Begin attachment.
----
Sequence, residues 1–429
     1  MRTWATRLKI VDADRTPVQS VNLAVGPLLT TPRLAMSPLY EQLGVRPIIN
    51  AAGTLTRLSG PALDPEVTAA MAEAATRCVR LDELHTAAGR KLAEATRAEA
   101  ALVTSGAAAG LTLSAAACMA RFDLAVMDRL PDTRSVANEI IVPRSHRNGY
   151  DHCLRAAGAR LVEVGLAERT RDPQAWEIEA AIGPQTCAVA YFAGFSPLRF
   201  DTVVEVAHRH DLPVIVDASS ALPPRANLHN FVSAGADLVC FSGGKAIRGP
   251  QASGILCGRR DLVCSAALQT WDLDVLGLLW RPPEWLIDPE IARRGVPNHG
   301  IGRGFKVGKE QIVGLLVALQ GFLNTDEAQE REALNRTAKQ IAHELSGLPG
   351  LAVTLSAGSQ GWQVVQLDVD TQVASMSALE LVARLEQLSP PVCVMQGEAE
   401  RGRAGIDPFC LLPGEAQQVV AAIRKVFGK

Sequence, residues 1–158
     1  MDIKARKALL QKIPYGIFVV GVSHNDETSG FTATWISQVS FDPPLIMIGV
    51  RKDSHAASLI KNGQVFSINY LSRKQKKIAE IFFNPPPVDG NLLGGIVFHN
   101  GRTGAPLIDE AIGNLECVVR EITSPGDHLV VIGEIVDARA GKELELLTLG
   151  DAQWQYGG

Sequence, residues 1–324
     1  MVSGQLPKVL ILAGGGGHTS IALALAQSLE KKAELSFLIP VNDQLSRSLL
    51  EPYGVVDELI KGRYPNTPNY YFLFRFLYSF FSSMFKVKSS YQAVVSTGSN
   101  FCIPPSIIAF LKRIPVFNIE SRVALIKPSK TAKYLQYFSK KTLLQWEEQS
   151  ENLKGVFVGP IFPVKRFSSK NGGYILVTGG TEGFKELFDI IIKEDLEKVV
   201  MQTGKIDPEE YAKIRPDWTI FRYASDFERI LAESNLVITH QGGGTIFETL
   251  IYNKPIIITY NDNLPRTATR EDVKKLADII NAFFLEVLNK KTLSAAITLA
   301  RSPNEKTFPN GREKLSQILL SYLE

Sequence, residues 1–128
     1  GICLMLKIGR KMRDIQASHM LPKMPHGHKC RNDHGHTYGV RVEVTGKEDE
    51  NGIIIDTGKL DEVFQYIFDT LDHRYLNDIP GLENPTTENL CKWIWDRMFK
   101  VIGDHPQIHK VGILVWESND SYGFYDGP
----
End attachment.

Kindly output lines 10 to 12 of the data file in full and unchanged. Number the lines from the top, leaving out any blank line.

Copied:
   401  RGRAGIDPFC LLPGEAQQVV AAIRKVFGK

Sequence, residues 1–158
     1  MDIKARKALL QKIPYGIFVV GVSHNDETSG FTATWISQVS FDPPLIMIGV